Monday, July 25, 2016

Ogden's Lorin Farr Park before rodeo fame: World-class bicycling, different park name

 Charles A. Maccarthy, left, and an another cyclist races around the Ogden "Saucer"
 track in Glenwood Park (now Lorin Farr Park), circa about 1910.                                                            (Photo from Utah State Historical Society.)

By Lynn Arave

MENTION Lorin Fark Park today and it probably conjures up images of Ogden’s famous Pioneer Days Rodeo. However, the Park had a storied history long before rodeo fever took hold in Ogden and much of it was under a different name.
A park was first developed on the site, 769 Canyon Road, in about 1880. However, it was originally called Glenwood Park for more than three decades.
The park was a focal point for Ogden’s Fourth of July and Pioneer Day celebrations. Some of Ogden’s first fireworks displays were staged there.
Football, soccer and baseball games -- even track meets were held in the park during its early decades.
The adjacent Jones’s Grove, by the Ogden River, was considered the most refreshing summer swimming hole in the early 20th Century and even out of town tourists went there to cool off. In late winter, ice harvesting dominated this shady area by the Ogden River.

Long before rodeo came along in the park, there were world-class bicycle races there.
The “Saucer,” an indoor bicycle racing arena (velodrome) was built at the park in 1900. But in 1905, the race track did not make enough money to pay its bills and was struggling.
Still, the Los Angeles Herald had this headline on July 18, 1907:
The story stated: “Time for the Professional Mile Is Reduced to 1:48.1; Amateur Also Sets New Mark for Competitors -- At the Glenwood bicycle saucer track here tonight two world's records were lowered.”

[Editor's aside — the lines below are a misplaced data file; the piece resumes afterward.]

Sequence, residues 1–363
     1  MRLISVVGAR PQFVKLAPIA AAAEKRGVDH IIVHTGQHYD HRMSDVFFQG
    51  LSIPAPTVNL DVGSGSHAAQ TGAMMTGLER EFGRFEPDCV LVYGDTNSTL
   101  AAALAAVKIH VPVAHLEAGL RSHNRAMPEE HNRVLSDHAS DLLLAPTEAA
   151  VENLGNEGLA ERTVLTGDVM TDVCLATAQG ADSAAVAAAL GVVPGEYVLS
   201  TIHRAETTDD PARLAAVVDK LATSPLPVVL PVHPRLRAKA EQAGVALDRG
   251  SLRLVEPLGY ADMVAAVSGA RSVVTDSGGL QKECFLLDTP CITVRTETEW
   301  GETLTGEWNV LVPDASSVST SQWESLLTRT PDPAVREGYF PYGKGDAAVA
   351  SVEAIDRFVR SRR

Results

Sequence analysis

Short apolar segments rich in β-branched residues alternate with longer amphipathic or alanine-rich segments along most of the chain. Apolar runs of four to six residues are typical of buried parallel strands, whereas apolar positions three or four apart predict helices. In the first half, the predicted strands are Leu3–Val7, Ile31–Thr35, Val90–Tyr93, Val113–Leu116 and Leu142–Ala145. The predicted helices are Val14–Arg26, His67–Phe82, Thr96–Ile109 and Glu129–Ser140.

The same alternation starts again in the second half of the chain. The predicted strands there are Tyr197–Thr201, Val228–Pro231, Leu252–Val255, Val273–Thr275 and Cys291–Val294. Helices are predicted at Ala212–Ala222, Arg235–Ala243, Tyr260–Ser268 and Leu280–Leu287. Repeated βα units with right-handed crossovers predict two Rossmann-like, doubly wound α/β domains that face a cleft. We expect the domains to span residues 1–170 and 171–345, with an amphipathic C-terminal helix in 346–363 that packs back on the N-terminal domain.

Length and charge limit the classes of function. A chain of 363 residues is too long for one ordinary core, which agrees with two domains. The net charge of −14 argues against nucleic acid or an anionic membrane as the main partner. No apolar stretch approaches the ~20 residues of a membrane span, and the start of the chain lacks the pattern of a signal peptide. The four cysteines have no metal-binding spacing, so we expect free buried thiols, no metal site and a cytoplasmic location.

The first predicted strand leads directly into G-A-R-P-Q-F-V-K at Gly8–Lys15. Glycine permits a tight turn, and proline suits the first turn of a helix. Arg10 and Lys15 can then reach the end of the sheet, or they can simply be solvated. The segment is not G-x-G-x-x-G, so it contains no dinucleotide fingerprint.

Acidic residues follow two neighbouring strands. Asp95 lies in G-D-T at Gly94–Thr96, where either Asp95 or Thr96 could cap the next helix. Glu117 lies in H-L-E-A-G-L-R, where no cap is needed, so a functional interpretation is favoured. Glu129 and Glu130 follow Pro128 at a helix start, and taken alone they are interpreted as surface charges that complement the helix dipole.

By the 1910s, the rise of the automobile, the sport of golfing and then World War I equaled a drastic demise in the popularity of bicycle racing. Soon, the bicycle arena closed and was torn down.
A group of Ogden businessmen, led by William Glasmann, leased the park in 1911 with the hopes of developing a resort superior to anything Salt Lake City had. That effort didn’t fully succeed, but by 1918 there was a merry-go-round in the park and a children’s playground.
It was recommended in July of 1912 by the Daughters of the Pioneers for a new park name, to honor one of Ogden’s most prominent pioneers. After much debate, some favored the present title and others a neutral “Pioneer Park” moniker, but the Farr name soon won out.

                                             Lorin Farr

Lorin Farr (1820-1909) was a Mormon Pioneer, the first mayor of Ogden and the first president of the Weber LDS Stake. He also used to own the land where the park is and directed the building of a pioneer fort in the area in 1850.
By the 1920s, winter ice skating was a popular pastime at Lorin Farr Park and Ogden City had full control of the park again.  In the summer of 1922, a curfew was put in place and more lights added in the park to help prevent vandalism and teens making out.  Vandals damaged many park trees with hatchets.
In the spring of 1923, the park was spruced up and auto parking was expanded. Throughout the 1920s, a dance hall and “Penny Dances,” with 10-piece orchestra were a summer favorite there.